The programme of research between the university and Siemens Industry Software NV offers a unique opportunity to gain both academic and industrial experience in vehicle dynamics modelling and test.
Vehicle passenger safety is a very important issue. With around 1.5 billion vehicles in the world, many people drive a car every day. Active safety systems such as the Electronic Stability Control (ESC) are designed to assist the driver when certain situations occur and improve the safety of all vehicle’s occupants. However such active safety systems must operate in complex environments and in all possible driving conditions to properly make safety-critical decisions. This implies that numerous test scenarios need to be considered during the development phase. Model-Based System Engineering (MBSE) has recently been introduced for the development of such systems, where plenty of different scenarios can be tested in a virtual environment. A rigorous and reliable model of the vehicle is therein developed, along with a model of the active safety system and of the environment. Those elements constitute the previously mentioned virtual environment in which the performance of the active safety system can be extensively simulated.
In order to achieve the above, there is a need for representative and reliable simulation models of the vehicle under development. State-parameter estimation algorithmscan be used to properly identify relevant vehicle parameters by making use of specific vehicle models in combination with dedicated sensors data gathered during appropriate testing. Such vehicle parameters might be of different nature, including e.g. tyre parameters, as well as kinematics and inertial parameters. Generally there are several possibilities in relation to model architectures, estimation schemes and dedicated sensors layout. In any case, only a limited amount of parameters is available with the current technology. The knowledge of a larger amount of parameters with respect to the current state-of-the-art is challenging, but it would allow the design of advanced active safety systems (e.g. evolutions of the current ESC). As a result, vehicle passenger safety could be significantly enhanced.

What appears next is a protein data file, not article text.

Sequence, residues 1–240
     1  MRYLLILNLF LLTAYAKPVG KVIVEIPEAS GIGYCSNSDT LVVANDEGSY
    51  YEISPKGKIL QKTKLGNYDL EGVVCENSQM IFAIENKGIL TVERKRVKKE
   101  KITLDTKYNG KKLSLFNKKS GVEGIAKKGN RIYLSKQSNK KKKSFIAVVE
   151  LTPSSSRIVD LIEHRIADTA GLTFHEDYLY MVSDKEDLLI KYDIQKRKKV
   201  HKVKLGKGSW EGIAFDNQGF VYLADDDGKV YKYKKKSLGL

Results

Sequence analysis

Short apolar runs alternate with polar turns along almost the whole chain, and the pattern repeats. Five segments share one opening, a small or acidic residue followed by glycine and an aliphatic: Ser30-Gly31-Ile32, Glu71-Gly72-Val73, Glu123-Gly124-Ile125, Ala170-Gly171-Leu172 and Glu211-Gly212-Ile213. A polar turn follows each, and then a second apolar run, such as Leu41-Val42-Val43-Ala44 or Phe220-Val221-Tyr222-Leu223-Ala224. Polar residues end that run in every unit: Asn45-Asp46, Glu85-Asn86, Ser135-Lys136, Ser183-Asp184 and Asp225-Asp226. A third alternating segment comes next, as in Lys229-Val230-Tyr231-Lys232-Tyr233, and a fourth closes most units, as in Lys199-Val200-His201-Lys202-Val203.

The aim of this PhD project is to research and develop advanced vehicle modeling tools, control and estimation strategies to reliably identify appropriate vehicle characteristics and behaviour. The identified characteristics and vehicle behaviour can then be implemented in a MBSE framework for the reliable assessment of the performance of novel active safety systems for a high number of scenarios and conditions. By allowing to validate the effectiveness of novel active safety systems, the project will contribute to their implementation, thereby contributing to the reduction of fatal road accidents.
The main objectives of this PhD project are:
- Research on vehicle model and behaviour identification methods for several key vehicle parameters and phenomena (e.g. tyre parameters, lateral dynamics, kinematic and inertial parameters, steering dynamics effects)
- Investigate the necessary features in terms of model, estimator and sensors, aimed at a successful and meaningful estimation of the relevant quantities and phenomena, to be used in the development and assessment of novel active safety systems
- Validate the developed methodologies on a demonstrator based on full in-vehicle testing supported by Siemens
The candidate will be based at the university and will also be hosted for 12-18 months at the industrial premises in Belgium, to apply the theoretical findings to a real vehicle case.
PLEASE NOTE: The anticipated start date for will be October 2020.
For information about how to apply, entry requirements, tuition fees and other costs please visit https://www.shu.ac.uk/research/degrees/apply
For further information, please contact Dr Basilio Lenzo [email protected]
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• All applicants should hold a strong undergraduate degree (2.1 or above) and/or a relevant Masters qualification (or expectation of the same).
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